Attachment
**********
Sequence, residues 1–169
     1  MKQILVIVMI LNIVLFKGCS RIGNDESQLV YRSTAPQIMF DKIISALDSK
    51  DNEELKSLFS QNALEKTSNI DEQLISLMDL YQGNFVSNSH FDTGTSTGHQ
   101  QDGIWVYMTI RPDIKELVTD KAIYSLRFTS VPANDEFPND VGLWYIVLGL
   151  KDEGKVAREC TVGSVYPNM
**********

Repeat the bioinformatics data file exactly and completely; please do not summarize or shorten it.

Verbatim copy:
Sequence, residues 1–169
     1  MKQILVIVMI LNIVLFKGCS RIGNDESQLV YRSTAPQIMF DKIISALDSK
    51  DNEELKSLFS QNALEKTSNI DEQLISLMDL YQGNFVSNSH FDTGTSTGHQ
   101  QDGIWVYMTI RPDIKELVTD KAIYSLRFTS VPANDEFPND VGLWYIVLGL
   151  KDEGKVAREC TVGSVYPNM